At last week's news conference, though, Adachi said that prosecutors are supposed to investigate cases independently.

"The district attorney is merely accepting what the police are saying," said Adachi, who repeatedly pointed to race as a factor in what happens to defendants throughout the criminal justice process, since it has such an apparent weight on booking charges.

Adachi predicted other officials would react to the report by saying, "Oh, we don't consider race in deciding what happens," but he said, "That's not a satisfactory answer to the study."

Asked in an email about the idea that race is a factor in charging decisions, San Francisco Police Department spokesman David Stevenson said, "Our officers charge individuals based on the elements of the crime(s) present. The standard for an arrest is based upon probable cause. Whether a case moves forward or not depends on the district attorney's office ability to prove the case beyond a reasonable doubt."

Max Szabo, a spokesman for the district attorney's office, said in an email, "Nobody disputes that there is bias in the criminal justice system, but the public defender's allegations suggest he failed to read his own report, wherein three individuals with doctorates found no statistically significant difference in the number or severity of charges added by prosecutors for black and Latino defendants compared to whites."

Szabo pointed to initiatives such as the Blue Ribbon Panel on Transparency, Accountability and Fairness in Policing, which District Attorney George Gasc-n created in 2015 after local law enforcement scandals emerged, including police officers allegedly exchanging racist and homophobic text messages.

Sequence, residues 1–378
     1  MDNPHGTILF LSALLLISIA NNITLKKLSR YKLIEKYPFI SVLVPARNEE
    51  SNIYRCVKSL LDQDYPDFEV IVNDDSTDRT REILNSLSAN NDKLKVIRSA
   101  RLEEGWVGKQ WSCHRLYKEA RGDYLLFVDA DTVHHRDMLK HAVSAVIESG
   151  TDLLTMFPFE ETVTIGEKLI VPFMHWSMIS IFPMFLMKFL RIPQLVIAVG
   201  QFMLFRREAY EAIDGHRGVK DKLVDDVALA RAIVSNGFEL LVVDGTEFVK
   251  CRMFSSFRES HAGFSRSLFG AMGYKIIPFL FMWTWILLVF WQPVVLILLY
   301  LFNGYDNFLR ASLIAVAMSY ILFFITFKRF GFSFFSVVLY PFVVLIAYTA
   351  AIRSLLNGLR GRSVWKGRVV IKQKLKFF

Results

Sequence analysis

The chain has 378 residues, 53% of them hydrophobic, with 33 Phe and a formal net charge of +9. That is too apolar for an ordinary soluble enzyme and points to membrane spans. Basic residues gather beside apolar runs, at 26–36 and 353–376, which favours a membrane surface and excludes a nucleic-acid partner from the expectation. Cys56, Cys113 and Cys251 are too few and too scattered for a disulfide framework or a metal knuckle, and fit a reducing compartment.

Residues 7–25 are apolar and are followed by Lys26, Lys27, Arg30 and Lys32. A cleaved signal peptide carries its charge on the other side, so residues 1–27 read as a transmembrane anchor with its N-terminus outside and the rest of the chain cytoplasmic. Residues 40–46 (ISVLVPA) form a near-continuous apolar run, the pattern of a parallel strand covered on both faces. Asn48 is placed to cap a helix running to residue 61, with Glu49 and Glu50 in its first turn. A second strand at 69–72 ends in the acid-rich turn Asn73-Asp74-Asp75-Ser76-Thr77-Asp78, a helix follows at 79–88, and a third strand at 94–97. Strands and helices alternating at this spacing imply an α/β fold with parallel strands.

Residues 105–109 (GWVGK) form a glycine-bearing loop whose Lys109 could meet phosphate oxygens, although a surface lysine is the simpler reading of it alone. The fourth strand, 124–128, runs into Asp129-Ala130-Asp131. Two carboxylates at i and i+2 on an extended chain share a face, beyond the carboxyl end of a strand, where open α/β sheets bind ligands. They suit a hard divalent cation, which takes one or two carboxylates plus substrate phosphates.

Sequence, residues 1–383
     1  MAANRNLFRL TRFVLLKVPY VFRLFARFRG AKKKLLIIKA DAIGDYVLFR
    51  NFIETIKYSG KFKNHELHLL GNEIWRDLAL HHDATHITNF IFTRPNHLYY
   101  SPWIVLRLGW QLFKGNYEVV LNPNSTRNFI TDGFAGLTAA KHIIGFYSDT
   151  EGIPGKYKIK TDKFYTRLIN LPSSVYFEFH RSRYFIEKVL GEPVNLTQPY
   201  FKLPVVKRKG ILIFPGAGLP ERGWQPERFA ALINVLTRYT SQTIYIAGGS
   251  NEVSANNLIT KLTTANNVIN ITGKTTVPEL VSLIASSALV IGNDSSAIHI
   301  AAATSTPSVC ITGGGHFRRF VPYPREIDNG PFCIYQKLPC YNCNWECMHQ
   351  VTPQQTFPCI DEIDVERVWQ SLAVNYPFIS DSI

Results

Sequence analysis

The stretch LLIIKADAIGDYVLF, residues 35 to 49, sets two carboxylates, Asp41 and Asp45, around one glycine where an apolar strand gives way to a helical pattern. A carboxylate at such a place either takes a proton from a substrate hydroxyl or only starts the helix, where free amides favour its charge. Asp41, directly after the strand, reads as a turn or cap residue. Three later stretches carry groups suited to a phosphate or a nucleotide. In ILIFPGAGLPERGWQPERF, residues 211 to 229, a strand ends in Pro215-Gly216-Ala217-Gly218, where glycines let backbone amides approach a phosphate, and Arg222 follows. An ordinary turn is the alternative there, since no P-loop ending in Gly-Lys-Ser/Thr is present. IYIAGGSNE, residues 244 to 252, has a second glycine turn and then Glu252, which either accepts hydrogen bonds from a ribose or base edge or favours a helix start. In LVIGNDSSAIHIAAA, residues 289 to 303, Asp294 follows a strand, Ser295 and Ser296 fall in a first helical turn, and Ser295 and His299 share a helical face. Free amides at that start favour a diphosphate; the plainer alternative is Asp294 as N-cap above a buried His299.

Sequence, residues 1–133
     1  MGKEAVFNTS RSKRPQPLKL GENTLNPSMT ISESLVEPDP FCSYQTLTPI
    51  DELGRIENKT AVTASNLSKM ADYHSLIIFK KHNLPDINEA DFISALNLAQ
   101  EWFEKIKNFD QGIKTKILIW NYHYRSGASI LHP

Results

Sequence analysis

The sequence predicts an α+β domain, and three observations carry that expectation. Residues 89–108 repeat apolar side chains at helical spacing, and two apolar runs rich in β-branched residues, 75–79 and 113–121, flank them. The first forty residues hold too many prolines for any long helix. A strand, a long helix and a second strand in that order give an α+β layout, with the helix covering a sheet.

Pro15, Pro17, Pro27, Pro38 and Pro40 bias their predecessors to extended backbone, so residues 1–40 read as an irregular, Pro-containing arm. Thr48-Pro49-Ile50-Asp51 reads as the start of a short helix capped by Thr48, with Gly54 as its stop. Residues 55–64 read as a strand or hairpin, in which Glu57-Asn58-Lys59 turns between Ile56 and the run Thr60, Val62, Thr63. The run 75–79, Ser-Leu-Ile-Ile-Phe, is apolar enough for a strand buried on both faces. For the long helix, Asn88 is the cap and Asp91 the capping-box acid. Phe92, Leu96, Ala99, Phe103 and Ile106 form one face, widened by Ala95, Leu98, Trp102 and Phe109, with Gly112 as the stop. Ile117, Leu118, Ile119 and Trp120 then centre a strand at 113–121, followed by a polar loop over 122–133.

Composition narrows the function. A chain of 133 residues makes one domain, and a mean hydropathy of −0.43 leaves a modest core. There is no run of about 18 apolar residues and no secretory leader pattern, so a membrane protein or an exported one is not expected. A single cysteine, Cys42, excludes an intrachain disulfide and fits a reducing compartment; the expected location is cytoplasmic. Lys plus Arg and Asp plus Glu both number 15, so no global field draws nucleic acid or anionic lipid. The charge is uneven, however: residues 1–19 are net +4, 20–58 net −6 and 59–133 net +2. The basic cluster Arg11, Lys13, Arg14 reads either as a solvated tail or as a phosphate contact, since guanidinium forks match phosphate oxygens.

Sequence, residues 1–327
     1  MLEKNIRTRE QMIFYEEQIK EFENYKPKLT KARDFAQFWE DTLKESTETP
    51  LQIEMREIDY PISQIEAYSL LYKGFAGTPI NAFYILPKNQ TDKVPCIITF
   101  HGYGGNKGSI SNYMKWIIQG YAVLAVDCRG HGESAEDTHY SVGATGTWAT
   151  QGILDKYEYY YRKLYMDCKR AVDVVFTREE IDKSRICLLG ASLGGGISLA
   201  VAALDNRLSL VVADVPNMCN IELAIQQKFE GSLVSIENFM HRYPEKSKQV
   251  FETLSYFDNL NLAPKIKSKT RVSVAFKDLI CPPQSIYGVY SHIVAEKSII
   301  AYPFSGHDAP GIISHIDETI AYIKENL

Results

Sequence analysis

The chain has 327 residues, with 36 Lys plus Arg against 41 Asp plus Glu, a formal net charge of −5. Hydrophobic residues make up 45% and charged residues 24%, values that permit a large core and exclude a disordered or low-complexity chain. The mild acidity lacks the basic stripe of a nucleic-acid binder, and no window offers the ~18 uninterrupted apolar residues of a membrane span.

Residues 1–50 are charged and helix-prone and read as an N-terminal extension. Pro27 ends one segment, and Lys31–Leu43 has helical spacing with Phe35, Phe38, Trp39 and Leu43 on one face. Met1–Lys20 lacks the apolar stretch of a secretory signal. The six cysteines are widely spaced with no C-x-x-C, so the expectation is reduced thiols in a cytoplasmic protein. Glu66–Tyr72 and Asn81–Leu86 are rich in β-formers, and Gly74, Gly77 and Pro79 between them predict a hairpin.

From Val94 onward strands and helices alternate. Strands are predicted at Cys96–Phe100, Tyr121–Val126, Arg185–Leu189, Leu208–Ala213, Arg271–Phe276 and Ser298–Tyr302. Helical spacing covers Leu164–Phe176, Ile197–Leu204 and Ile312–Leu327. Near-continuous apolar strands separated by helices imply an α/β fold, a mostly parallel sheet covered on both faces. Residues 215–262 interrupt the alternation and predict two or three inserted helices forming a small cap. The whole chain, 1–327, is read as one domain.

Gasc-n's initiatives show "the DA takes his role in ensuring bias does not affect the fair administration of justice incredibly seriously," said Szabo.

Mayhem Case

At the news conference, Leslie Elliott, a 65-year-old black transgender woman, spoke about her case. Jurors recently acquitted Elliott of mayhem, assault with great bodily injury, and other charges, but convicted her of a misdemeanor count of resisting arrest.

Elliott said that she'd been leaving a coffee shop trying to get the victim's dog to leave her alone. The victim, who's white, shook her, and Elliott's coffee spilled, she said.

Deputy Public Defender Elizabeth Camacho said, "An officer decided that a spilled cup of coffee was mayhem, and it was not. This was an accident."

Camacho said that when she first heard what the charges were, she'd expected to learn that the victim had lost an eye or been otherwise seriously injured. She also said prosecutors stuck with the mayhem charge even after a judge found there wasn't enough evidence to hold Elliott for trial on it.

Elliott, who spent almost four months in custody on $300,000 bail, could have been sentenced to 27 years if she'd been convicted on the charges. She was released just days before she spoke to reporters, telling them she still feels "fear and anxiety" because of what happened.

San Francisco supervisors have approved funding $335,557 for the first fiscal year of the public defender's Pretrial Release Unit, which is based on a similar effort by the Miami Dade Public Defender's office in Florida.